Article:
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PODCAST: PA’s Energy Abundance Is Good for U.S. Why Does Biden Treat It So Badly?

On this edition of the Delaware Valley Journal podcast, David Callahan, president of the Marcellus Shale Coalition talks about the benefits Pennsylvania and America get from the abundant, clean natural gas found in the Keystone State. DVJournal News Editor Linda Stein asked about PA’s different system of taxing natural gas compared to other states, and the revenue benefits from the energy sector for local governments.

And if you’re looking for a good-paying job in Pennsylvania — some with a six-figure salary — David Callahan knows who you should call!

Hosted by Michael Graham.

 

 

 

 

GOP Challenger Says Scanlon Gets Natural Gas Issue All Wrong

The Republican hoping to unseat Congresswoman Mary Gay Scanlon (D-Delaware/Philadelphia) thinks she and President Joe Biden are getting the natural gas issue wrong.

Republican David Galluch says he will fight to not only encourage the sector but expand it.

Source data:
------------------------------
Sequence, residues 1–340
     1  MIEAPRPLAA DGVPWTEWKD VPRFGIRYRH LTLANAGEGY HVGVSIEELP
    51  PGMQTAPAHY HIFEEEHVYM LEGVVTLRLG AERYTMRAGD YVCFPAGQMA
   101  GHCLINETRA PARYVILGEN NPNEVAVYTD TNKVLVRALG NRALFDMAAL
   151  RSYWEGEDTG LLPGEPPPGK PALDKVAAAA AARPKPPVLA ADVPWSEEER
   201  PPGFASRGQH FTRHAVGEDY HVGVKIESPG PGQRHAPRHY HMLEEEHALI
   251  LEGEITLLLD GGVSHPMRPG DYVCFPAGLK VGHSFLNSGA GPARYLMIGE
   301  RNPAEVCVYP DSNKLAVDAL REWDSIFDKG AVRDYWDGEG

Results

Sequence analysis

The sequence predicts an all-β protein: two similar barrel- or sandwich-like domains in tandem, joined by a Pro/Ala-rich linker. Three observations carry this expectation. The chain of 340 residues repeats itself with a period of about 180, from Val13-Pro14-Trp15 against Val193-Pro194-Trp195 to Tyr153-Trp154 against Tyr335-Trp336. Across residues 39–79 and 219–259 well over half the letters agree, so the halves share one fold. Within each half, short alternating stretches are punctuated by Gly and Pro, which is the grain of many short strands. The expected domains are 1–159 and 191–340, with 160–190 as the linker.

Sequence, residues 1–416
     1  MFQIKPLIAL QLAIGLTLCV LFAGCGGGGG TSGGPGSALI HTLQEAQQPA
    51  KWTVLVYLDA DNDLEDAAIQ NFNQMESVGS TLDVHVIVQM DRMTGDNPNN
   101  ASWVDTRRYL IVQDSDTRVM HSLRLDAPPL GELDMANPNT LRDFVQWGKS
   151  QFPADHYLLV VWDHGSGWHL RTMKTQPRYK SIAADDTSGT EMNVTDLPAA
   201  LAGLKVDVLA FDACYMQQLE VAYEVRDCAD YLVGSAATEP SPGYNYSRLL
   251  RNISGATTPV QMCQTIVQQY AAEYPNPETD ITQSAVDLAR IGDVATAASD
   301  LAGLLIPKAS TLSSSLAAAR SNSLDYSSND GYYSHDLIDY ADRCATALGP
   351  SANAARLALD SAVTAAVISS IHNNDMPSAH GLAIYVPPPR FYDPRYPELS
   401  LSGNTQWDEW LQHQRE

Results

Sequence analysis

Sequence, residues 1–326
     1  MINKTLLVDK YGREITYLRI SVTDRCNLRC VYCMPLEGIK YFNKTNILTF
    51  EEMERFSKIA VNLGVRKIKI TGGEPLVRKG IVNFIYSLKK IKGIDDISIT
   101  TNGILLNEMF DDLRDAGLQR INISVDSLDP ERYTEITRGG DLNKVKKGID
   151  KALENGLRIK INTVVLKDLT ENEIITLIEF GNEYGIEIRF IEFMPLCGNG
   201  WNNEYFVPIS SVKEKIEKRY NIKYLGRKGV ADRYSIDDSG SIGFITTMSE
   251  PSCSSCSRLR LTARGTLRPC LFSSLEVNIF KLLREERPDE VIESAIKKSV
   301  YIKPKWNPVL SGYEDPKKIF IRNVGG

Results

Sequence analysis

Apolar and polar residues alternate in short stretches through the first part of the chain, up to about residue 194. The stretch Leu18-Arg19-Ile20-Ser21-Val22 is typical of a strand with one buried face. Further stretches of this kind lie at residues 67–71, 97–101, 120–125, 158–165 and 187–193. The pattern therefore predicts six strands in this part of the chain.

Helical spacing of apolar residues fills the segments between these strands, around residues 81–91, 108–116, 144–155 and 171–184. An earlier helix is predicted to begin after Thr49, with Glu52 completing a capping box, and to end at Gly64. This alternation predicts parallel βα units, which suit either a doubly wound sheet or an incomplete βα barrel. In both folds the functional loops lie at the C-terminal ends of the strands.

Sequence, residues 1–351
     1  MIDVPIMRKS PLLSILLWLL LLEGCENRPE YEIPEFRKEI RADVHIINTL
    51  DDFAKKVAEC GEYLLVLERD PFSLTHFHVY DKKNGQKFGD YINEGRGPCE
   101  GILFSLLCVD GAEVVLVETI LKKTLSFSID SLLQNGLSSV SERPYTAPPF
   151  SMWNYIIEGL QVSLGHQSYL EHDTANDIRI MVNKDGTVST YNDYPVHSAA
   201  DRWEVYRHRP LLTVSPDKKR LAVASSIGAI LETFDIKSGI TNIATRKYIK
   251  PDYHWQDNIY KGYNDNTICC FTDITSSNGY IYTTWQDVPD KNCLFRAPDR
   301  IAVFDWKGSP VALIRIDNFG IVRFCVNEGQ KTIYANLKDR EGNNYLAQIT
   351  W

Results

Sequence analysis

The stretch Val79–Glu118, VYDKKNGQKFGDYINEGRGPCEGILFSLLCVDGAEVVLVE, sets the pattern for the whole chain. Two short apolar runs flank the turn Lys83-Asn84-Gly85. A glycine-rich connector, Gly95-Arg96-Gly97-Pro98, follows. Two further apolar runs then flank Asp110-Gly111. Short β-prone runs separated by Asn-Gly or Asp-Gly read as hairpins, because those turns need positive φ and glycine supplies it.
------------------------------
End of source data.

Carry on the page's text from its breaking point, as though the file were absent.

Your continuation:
“We have more natural gas under our feet than Saudi Arabia has oil,” says Galluch. “Natural gas is the cleanest fossil fuel there is, and if you liquefy it, it gets even cleaner.”

And, he notes, it keeps hundreds of thousands of people working across the state.

“The job multiplier for the energy sector is 18.3. That means for every one job we create in the energy sector, we create 18.3 jobs downstream,” says Galluch. “We are talking construction, manufacturing, high-skill, high-productivity, high wage enhancing employment, a lot of it union and skilled labor.”

Biden has pushed for what he calls “good-paying union jobs.” Still, the president’s critics say his energy and environment plans are threatening union jobs. Many of the workers impacted by Biden’s cancellation of the Keystone XL oil pipeline were union jobs, for example, part of a package of anti-oil and gas policies Biden put into place when he first took office.